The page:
The Sharpshooter was located just across the street from our old two story farmhouse – boarding house. We would come in after a day of running survey stakes on the federal mountain road just outside Huntsville, have a quick dinner at the family dinner table with family members and boarders, then head across the street to partake in 3.2 beer (that is all that was served in Utah) and listen to – yes – country music of the day on the jukebox (the jukebox was all country – all the time).
The Sharpshooter didn’t have a menu back then – just a bar – a bunch of stools, a central wood burning stove and a pool table. The regular patrons were all “jack Mormons” with the balance of the town population frowning on the presence of a bar in their little town. You had to be 21 to drink 3.2 beer and two of us on the road crew were only 18. But somehow I passed the age test and was never questioned about an ID. My friend Scott spent the summer drinking cokes at the Sharpshooter.
Today’s reviews of the Sharpshooter rave about their hamburgers and their “old jukebox” – Wondering if it could possibly be the same one. The interior has changed a lot – cleaned up and more trendy now. But there is that jukebox.
In 1965 we would regularly listen to Buck Owens and the Buckaroos, Roy Clark, Merle Haggard and all the others – giving me my first taste of classic country. There wasn’t a single non-country 45 on the jukebox – For rock and roll I had to beg my parents to haul my portable stereo player from Denver on a summer visit – along with a couple of boxes of my 45’s. 1965 was an exciting year for pop and rock – with many of the American bands forming and striking back against the British Invasion.
Call to Arms
One Friday evening we entered the Sharpshooter for an evening of pool and 3.2 beer. The usual patrons were abuzz about something and we soon learned that an event was taking birth which had the potential for a horrendous apocalypse for the sleepy burg of Huntsville.
A couple of ranchers had stopped in to the Sharpshooter with a terrifying bit of news. Apparently a large contingent of the notorious Hells Angels had been reported on area radio channels (most likely nearby Ogden down in the valley) and word had it that there was a very good chance that the sinister and dreaded bikers were headed for – you guessed it – Huntsville.
Why? Who could even begin to guess. Huntsville wasn’t exactly the gateway to anywhere back then. But no matter. If the Angels were indeed heading toward David O. McKay’s stomping grounds logic had it they would certainly converge on the town watering hole – The Sharpshooter.
So town residents and outlying farmers and ranchers were alerted – a town meeting was slated for the next night – Saturday – and putting aside fears of demon rum and the evils of a pool hall – The Sharpshooter was chosen as the meeting place.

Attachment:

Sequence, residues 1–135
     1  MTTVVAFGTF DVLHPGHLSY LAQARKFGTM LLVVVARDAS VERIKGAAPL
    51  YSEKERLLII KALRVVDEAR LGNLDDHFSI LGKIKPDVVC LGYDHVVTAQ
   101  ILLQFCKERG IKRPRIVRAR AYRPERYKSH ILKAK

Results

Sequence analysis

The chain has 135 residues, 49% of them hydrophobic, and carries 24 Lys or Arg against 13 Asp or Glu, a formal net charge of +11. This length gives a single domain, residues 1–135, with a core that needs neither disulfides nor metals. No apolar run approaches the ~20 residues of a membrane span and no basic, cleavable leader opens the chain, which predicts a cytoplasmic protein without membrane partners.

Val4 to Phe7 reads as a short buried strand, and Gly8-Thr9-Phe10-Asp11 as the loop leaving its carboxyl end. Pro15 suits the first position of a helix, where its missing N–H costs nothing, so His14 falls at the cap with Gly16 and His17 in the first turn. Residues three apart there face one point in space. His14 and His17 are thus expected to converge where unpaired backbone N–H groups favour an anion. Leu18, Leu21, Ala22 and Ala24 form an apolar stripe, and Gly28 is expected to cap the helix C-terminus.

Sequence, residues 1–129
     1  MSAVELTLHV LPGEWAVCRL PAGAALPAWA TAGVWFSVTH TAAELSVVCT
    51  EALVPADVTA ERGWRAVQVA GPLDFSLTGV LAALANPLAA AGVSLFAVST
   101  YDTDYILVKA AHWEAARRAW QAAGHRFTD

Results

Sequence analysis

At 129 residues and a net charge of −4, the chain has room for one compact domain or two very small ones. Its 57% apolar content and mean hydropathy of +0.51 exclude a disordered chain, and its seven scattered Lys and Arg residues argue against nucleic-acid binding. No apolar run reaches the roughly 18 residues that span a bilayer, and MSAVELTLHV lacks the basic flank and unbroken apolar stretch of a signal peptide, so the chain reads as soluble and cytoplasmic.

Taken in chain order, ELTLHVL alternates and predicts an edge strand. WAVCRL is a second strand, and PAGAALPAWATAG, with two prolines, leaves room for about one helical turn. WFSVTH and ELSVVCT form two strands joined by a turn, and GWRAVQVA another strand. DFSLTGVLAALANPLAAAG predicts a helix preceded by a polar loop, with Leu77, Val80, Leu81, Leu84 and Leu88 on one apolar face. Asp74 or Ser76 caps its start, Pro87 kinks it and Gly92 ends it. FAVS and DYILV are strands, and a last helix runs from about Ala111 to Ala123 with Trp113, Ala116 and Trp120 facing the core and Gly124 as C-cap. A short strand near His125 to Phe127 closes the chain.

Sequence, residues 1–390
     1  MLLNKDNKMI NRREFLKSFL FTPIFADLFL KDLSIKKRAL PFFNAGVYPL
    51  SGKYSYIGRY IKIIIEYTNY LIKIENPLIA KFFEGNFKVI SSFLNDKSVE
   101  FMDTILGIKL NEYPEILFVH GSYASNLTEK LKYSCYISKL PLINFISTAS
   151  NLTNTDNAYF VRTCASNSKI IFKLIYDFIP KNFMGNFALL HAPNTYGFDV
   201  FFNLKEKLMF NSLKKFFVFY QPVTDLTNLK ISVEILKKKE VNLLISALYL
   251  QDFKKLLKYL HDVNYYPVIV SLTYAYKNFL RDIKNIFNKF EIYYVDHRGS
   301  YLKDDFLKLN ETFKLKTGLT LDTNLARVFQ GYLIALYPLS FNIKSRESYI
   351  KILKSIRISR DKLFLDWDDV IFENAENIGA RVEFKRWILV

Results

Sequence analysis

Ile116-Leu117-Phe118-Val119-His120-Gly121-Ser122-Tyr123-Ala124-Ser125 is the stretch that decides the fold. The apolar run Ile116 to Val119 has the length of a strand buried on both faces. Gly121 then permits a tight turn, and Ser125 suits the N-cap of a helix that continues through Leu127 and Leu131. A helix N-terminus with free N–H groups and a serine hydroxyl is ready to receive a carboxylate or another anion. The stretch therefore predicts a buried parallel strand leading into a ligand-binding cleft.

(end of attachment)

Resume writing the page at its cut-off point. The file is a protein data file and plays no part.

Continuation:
Saturday came and sure enough – Ford pickup trucks lined the streets and inside the Sharpshooter it was standing room only. As guest regulars of the Sharpshooter, the four of us squeezed into the bar, more out of curiosity than out of a sense of duty to the town.
The meeting leader was a cowboy who worked during the day as the Miller Beer distributor and delivery driver. There was some heated discussion on what approach to take to defend Huntsville which I can’t recall having had a town constable back then. It seems that a sheriff was present as I recall but not certain.
At any rate the finalized plan for defense called for the one route into and out of Huntsville to be heavily guarded by the ranchers and farmers, forming a blockade, with residents positioning themselves around the outskirts of town in strategic observation points.
An advance scout team would descend down toward Ogden on highway 39 to serve as forward observers and then would use a relay system of outlying ranchers’ land lines to warn the town. Then the local Mormon Church in Huntsville would sound the warning bell that the biker’s arrival was imminent.
And I suppose it goes without saying that there was no gun control in Huntsville! The citizens were armed to the teeth! Small towns thrive on sticking together in times of crisis. Up until that Saturday night call to arms meeting I had no comprehension of how tightly knit and bonded a mostly invisible community could be.
The meeting broke up – and after a few more days without any further radio dispatches, the moment faded into history – perhaps the most exciting non-event to ever hit Huntsville.
I made a mental note to self: “If I were ever to join the Hells Angels later on – I would be sure to tell Sonny Burgess to steer clear of the home of David O. McKay! the next time we set out to pillage, loot and worse.”
Good Old Country Music
I doubt if David O. McKay ever journeyed from his farm just outside of Huntsville to mosey into the old Sharpshooter, belly up to bar, grab a cold Millers, then mosey over to the pool table where he would rack em up!
But Haggard, Clark and Owens filled out night time and weekend soundtrack during our time in good old Huntsville, Utah. I returned home in late August, riding along Interstate 80 in Wyoming, through Rock Springs, heading back to Denver and in short order, Fort Collins for a second bumpy year in college – with the fading sounds of country in my mind. It would be nearly a decade before I entered my second Country Era….